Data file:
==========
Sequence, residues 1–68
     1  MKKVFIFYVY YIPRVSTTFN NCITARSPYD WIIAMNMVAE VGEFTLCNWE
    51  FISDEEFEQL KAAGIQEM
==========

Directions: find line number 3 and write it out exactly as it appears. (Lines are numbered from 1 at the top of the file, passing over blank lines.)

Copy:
    51  FISDEEFEQL KAAGIQEM